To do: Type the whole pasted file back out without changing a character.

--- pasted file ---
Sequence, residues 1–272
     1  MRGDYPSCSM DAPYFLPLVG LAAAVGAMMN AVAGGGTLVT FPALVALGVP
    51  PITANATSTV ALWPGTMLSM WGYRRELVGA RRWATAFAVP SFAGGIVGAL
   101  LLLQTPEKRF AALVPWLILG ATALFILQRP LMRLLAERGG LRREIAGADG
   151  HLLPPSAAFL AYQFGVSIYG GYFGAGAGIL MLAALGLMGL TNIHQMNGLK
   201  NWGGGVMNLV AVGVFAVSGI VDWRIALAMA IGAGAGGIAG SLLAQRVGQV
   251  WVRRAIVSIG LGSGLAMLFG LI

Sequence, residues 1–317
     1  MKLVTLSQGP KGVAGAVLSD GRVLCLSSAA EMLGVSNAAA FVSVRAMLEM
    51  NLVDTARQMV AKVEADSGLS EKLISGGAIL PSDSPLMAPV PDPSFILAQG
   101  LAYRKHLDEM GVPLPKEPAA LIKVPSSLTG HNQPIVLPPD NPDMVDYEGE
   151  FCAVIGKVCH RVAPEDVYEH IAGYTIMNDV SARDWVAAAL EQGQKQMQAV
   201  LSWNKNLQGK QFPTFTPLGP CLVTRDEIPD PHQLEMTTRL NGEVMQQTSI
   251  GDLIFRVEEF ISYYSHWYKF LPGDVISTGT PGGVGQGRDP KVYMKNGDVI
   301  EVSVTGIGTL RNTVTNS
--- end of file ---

Sequence, residues 1–272
     1  MRGDYPSCSM DAPYFLPLVG LAAAVGAMMN AVAGGGTLVT FPALVALGVP
    51  PITANATSTV ALWPGTMLSM WGYRRELVGA RRWATAFAVP SFAGGIVGAL
   101  LLLQTPEKRF AALVPWLILG ATALFILQRP LMRLLAERGG LRREIAGADG
   151  HLLPPSAAFL AYQFGVSIYG GYFGAGAGIL MLAALGLMGL TNIHQMNGLK
   201  NWGGGVMNLV AVGVFAVSGI VDWRIALAMA IGAGAGGIAG SLLAQRVGQV
   251  WVRRAIVSIG LGSGLAMLFG LI

Sequence, residues 1–317
     1  MKLVTLSQGP KGVAGAVLSD GRVLCLSSAA EMLGVSNAAA FVSVRAMLEM
    51  NLVDTARQMV AKVEADSGLS EKLISGGAIL PSDSPLMAPV PDPSFILAQG
   101  LAYRKHLDEM GVPLPKEPAA LIKVPSSLTG HNQPIVLPPD NPDMVDYEGE
   151  FCAVIGKVCH RVAPEDVYEH IAGYTIMNDV SARDWVAAAL EQGQKQMQAV
   201  LSWNKNLQGK QFPTFTPLGP CLVTRDEIPD PHQLEMTTRL NGEVMQQTSI
   251  GDLIFRVEEF ISYYSHWYKF LPGDVISTGT PGGVGQGRDP KVYMKNGDVI
   301  EVSVTGIGTL RNTVTNS